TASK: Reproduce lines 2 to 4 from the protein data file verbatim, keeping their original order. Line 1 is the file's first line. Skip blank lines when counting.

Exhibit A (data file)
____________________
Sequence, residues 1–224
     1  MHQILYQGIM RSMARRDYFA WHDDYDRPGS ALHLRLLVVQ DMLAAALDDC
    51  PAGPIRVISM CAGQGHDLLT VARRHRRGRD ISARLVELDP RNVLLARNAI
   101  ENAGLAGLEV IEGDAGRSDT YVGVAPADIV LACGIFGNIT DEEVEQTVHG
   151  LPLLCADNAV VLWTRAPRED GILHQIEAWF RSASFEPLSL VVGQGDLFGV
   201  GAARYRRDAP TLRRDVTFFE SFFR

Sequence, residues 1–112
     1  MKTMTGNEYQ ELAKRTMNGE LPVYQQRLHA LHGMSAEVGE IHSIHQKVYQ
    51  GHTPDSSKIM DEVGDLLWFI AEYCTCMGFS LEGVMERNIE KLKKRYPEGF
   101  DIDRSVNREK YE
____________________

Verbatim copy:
     1  MHQILYQGIM RSMARRDYFA WHDDYDRPGS ALHLRLLVVQ DMLAAALDDC
    51  PAGPIRVISM CAGQGHDLLT VARRHRRGRD ISARLVELDP RNVLLARNAI
   101  ENAGLAGLEV IEGDAGRSDT YVGVAPADIV LACGIFGNIT DEEVEQTVHG